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I'm working on the design of mobile version of a search engine. It has a few filters, and I want to provide some visual feedback for the user when he/she selects a filter, so he/she knows the search results are being filtered or have been changed since he/she selected the filter.

Please keep in mind, this is designed for mobile, so I've got limited space to work with.

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  • Could you post an image? – Alvaro Dec 20 '16 at 9:09
  • @Alvaro Added a screenshot. – MJB Dec 20 '16 at 9:31
  • So the problem is that selected filters are kept hidden in the accordion right? – Alvaro Dec 20 '16 at 9:35
  • @Alvaro Not exactly, the question here is how do I make certain that users understand that when they press for example "februari", the results below have changed accordingly. – MJB Dec 20 '16 at 10:37
  • how does the user access the filter menu? is it collapsible once selection has been made? Does user have to do another action to confirm his filter selections , like 'Apply' ? – semuzaboi Dec 21 '16 at 6:44
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We can provide loader icon by blurring the background. It will convey to user that the filtering of options is in progress. In addition to this where would be filter option displayed?

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[Adding filter at bottom without covering whole screen is one method and another catch would be using apply button after modifying filter. There will be a problem when server has to pull data based on each filter changes and would crash eventually so think before using it , Solution would be add Apply Filter Button so that it could hit server and get results Hope this helps

enter image description here

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You need to give the user some feedback that:

  1. The page received his interaction.
  2. The page responded providing him what he asked for.

It doesn't matter if the results are even the same. The importance is that the user understands his interaction was successful and what he sees now is a response to it.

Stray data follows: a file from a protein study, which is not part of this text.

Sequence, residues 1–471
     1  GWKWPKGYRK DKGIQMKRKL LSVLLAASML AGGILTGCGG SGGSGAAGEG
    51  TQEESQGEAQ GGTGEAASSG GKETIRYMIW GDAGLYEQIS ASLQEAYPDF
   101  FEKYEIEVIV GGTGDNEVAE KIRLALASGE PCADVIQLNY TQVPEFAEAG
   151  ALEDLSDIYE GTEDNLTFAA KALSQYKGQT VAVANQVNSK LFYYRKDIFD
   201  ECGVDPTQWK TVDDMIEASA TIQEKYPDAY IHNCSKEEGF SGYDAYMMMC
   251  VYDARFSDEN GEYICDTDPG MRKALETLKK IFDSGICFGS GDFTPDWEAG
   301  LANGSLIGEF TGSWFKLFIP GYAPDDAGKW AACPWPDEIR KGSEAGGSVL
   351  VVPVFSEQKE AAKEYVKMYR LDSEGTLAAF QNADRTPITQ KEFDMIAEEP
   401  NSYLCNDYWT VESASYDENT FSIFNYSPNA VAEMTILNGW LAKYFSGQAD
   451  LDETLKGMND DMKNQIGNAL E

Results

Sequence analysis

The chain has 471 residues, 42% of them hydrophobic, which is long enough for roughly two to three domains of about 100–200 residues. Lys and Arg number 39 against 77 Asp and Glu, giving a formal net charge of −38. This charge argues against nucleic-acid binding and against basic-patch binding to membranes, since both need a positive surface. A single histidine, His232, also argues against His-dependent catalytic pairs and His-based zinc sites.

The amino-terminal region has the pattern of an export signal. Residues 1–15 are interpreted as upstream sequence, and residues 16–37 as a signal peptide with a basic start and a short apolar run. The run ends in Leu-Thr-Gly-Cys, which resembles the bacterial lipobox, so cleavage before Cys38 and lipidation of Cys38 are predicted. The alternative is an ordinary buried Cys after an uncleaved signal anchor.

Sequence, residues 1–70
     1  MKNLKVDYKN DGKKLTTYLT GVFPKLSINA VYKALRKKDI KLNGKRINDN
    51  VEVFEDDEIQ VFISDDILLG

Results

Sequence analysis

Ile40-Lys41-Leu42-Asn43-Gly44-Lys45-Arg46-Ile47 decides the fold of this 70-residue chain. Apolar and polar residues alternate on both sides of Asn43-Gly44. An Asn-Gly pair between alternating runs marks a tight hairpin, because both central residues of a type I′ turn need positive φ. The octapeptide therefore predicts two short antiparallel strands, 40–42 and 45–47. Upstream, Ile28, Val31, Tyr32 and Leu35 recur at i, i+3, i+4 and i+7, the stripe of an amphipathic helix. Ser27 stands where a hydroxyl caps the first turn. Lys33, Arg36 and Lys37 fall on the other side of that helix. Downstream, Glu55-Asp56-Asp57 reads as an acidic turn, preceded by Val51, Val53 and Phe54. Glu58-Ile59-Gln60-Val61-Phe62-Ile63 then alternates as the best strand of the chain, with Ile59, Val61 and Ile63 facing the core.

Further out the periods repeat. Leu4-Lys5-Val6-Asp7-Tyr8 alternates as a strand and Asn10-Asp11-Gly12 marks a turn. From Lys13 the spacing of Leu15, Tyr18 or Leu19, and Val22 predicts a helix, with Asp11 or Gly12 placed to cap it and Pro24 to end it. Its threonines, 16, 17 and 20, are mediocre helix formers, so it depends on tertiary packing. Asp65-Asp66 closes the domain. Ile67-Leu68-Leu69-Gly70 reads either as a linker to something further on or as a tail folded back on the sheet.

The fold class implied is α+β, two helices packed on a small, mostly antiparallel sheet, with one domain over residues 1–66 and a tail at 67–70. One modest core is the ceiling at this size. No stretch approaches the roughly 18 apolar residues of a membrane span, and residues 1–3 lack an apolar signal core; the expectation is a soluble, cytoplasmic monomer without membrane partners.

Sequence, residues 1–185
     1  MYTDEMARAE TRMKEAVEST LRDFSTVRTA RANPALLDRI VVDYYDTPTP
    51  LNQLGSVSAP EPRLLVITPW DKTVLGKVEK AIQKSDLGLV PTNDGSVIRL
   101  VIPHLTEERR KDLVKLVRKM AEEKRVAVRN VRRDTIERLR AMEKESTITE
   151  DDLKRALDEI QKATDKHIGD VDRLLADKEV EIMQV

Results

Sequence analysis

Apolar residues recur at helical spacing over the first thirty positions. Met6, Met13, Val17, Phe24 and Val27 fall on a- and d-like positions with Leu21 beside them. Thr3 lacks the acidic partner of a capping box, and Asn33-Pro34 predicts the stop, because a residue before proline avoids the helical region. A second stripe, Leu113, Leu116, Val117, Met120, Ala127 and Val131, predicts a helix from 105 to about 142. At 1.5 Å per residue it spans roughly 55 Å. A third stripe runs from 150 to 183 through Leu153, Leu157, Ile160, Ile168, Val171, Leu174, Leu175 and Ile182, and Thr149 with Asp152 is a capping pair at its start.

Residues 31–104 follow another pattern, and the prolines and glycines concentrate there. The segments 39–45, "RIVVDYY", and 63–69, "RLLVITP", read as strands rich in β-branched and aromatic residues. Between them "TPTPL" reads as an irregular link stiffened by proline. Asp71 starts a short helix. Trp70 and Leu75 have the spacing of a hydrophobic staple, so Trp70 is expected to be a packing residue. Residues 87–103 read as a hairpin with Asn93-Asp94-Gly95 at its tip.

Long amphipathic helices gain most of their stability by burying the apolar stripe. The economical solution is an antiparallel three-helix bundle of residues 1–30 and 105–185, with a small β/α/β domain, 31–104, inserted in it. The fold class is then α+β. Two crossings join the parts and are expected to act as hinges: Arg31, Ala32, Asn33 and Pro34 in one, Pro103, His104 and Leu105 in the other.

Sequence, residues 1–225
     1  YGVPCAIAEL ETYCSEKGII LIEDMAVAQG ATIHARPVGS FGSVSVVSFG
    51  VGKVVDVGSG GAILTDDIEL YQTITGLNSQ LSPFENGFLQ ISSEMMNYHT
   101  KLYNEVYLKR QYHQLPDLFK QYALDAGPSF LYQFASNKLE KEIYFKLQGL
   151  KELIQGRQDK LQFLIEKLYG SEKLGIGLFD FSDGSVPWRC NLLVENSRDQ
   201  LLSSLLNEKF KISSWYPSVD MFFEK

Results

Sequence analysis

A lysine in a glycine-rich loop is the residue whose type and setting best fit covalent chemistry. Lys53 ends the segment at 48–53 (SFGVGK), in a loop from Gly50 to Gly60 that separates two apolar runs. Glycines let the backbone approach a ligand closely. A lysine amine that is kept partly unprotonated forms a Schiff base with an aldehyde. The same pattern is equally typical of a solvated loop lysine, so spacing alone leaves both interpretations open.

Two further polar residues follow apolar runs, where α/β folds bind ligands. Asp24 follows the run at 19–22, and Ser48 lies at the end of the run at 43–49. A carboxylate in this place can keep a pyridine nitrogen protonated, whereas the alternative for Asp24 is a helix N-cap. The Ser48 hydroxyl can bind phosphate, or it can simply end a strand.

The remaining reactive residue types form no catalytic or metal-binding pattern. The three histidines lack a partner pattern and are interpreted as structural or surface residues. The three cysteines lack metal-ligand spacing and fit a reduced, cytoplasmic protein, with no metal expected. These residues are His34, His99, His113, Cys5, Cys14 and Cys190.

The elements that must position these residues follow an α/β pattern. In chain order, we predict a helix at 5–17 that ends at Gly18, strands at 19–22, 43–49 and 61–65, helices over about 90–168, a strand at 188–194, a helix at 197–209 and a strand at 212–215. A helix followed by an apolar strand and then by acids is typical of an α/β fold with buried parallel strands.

The easiest and most efficient way I can think of is if the old results fade out and the new ones fade in or appear, this is how Google does it for example.

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visual feedback for the user when he/she selects a filter - this can be acheived with the help of a simple loader icon in the results pane whenever the user has selected the filters.

I am guessing the filters is flyout menu below your header and it will be collapsed once the user has selected his filters .

In such a case , once the menu has collapsed, i would suggest dim the result screen with a centered loader icon, while the user waits for results from server.

Also denote a number in your collapsed filters menu section, so that the user is aware at any time a filter has been applied.

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I would say that you don't need to have something obviously persistent, such as another bar saying 'Showing 43 results for 5 filters'. If you let the user know what you are doing behind the scenes at each stage, I think they will likely be happy with where they are in their search journey.

To achieve this, a nice big overlay with a big green tick, picking up whatever animation you are using elsewhere, and something like 'Applying filter: Februari 2017' for a second, should do the job.

A count of filters for each section would also be of benefit, for the amount of space they take up, so you top section could read 'Startmoment (1) v' - the brackets there implying a circle or other graphic to separate the count from the title.

A little bit of testing would go a long way here - put a couple of different designs or prototypes in front of users; see what they say.

EDIT: please note that I am not suggesting a 'loading' icon, which would mean that your search function would have to be slow in order for users to understand what is happening! Rather, this a message from you to your users, that appears regardless of how fast your search is.

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Maybe you could use tag like this? Tags

Airbnb

That tags represent the current active/selected filter, you can adjust the size to fit your design.

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One way to approach this would be to have the filters appear as a modal. This would address two issues:

1) The user presses 'Done' or 'Apply' to close the modal, which gives them the desired confirmation that the search results have been changed.

2) Users won't have to scroll past a long list of filters to get to the results beneath. This can be a problem, particularly if the results are spread over multiple pages and navigating through them takes the user to the top of the page each time.

The attached images are from next.co.uk. Pressing the 'Filter' button causes the filters modal (second image) to slide up from the bottom, so the user knows it hasn't taken them to another page.

Next.co.uk search page

Next.co.uk filter modal

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